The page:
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Audit of NY Office of Medicaid Inspector General

The latest developments with the NY Medicaid program relate to concerns about the performance of the state Office of Medicaid Inspector General (OMIG). The OMIG’s role is to ensure maximum efficiency of the program. Considering the constant chatter about possible program changes in order to save costs, the work of the OMIG is critical for all New York residents who rely on Medicaid assistance in any number of ways.

The OMIG identifies that its goal is “to enhance the integrity of the New York State Medicaid program by preventing and detecting fraudulent, abusive, and wasteful practices within the Medicaid program and recovering improperly expended Medicaid funds while promoting high-quality patient care.”

However, many observers have grown worried that the office is not maximizing its capabilities, allowing unnecessary funds to go out, hurting the overall efficiency of the Medicaid program. Those concerns were likely amplified in recent weeks as information came out regarding the potential abuse of adult day care programs funded by Medicaid. In addition, a congressional panel recently issued sharp criticism of the NY Medicaid program. That panel noted that New York maintains the largest Medicaid program in the country ($56 billion), and that the ballooning costs may be related, in part, to poor investigation of Medicaid fraud and abuse. The federal government pays for a portion of all Medicaid services, and so federal decision-makers can play in role in state Medicaid policy,.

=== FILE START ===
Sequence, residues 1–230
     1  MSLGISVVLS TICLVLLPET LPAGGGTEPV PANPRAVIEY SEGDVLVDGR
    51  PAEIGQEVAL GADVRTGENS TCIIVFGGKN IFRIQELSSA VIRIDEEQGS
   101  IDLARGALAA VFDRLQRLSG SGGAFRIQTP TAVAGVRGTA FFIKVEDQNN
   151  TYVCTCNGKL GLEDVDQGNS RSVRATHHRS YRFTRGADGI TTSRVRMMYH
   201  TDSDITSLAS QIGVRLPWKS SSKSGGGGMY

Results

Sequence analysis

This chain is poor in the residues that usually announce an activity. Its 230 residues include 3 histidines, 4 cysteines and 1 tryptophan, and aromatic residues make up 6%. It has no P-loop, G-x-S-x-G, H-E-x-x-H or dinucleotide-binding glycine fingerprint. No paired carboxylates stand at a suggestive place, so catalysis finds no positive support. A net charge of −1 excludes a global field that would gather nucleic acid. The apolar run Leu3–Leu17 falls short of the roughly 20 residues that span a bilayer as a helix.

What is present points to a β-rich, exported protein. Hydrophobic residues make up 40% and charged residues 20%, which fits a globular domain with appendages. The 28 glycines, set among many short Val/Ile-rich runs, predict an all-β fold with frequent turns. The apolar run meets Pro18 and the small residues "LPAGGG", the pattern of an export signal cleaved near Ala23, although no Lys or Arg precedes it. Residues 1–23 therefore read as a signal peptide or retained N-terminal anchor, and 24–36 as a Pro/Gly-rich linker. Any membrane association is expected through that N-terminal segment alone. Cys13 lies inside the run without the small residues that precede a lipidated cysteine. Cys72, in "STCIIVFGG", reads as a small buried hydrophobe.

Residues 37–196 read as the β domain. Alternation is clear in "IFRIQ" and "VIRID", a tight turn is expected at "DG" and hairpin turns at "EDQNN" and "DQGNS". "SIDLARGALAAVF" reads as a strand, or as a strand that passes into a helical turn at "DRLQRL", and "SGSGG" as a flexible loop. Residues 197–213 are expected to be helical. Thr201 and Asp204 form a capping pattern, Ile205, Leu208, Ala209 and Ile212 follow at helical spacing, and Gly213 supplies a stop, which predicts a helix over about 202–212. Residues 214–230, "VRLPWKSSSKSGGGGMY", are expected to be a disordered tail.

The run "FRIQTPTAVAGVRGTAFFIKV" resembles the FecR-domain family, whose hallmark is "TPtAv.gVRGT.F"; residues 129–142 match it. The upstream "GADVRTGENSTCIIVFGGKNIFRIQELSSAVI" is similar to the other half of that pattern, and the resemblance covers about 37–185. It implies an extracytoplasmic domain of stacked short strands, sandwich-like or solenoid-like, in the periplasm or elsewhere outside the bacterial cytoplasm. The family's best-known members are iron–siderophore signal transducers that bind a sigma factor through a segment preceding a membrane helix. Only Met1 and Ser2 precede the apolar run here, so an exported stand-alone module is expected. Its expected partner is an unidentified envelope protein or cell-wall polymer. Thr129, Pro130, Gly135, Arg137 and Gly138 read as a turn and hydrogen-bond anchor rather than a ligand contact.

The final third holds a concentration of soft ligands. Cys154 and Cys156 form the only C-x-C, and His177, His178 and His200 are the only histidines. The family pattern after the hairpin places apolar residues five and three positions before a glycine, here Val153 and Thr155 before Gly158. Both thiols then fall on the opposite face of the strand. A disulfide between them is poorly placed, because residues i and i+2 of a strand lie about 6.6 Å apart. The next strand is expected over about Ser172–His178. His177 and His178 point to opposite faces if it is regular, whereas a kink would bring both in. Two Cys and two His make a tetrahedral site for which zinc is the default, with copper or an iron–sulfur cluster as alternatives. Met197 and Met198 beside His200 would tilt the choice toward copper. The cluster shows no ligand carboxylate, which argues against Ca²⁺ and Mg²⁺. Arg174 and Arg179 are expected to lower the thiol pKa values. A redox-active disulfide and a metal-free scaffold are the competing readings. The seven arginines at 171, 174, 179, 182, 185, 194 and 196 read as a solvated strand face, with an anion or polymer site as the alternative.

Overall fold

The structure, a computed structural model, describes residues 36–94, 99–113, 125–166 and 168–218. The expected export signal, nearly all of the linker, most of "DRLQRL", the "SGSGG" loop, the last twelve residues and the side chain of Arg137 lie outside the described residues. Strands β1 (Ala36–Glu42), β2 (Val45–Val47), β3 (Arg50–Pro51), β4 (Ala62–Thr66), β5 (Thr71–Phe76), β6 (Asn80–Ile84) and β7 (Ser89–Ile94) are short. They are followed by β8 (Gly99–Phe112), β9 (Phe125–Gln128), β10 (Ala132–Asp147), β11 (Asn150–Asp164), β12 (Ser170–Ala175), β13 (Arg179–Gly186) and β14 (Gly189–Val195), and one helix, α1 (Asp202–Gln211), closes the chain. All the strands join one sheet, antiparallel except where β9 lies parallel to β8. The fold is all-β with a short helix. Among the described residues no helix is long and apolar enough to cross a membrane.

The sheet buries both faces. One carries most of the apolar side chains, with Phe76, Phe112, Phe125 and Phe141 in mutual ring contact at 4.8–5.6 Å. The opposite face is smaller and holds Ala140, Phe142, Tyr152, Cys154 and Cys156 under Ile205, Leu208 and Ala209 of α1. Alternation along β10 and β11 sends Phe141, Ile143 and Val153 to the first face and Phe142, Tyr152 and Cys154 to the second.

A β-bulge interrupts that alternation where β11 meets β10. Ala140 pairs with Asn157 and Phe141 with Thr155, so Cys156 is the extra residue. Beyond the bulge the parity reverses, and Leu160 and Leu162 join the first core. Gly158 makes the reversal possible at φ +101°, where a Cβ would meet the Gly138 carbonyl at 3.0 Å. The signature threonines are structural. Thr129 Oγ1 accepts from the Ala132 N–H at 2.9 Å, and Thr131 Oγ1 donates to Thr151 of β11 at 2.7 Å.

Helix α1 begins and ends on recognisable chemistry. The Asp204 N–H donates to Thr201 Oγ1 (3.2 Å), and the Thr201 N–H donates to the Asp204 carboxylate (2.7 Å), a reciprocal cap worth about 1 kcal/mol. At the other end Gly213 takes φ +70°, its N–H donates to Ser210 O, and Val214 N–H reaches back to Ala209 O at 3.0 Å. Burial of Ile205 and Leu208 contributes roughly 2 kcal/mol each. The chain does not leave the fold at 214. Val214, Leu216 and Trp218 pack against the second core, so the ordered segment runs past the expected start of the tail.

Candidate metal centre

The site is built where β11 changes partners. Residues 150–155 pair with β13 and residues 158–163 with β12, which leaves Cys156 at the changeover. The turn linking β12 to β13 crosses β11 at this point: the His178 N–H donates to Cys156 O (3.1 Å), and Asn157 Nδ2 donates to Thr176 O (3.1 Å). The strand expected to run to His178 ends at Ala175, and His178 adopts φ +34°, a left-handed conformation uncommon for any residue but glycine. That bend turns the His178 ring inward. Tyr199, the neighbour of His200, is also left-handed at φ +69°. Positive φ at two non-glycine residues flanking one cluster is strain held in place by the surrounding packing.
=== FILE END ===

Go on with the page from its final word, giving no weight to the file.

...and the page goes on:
Considering the growing concern about the fraud prevention activity of the office, it is perhaps not surprising that the NY Comptroller’s office recently announced an audit of the OMIG. In a letter to the Medicaid Inspector General, NY Comptroller Thomas DiNaploi explained that the audit would be comprehensive, examining the results of various projects from the OIMG.

In other words, the audit will try to verify some of the recent claims by the office. For example, the OMIG recently noted that an education program at local hospitals on proper billing practices led to $2.54 billion in savings. Is that accurate? The audit will hopefully find out. In addition, the audit will hopefully identify if the outside contractors who are used as part of the fraud-prevention efforts are properly utilized to maximize their effectiveness. Some are concerned that those outside contractors are being paid too much for doing too little work.

Whatever the outcome, a more efficient system that ensure New York residents do not face damaging cutbacks should be welcome by all.

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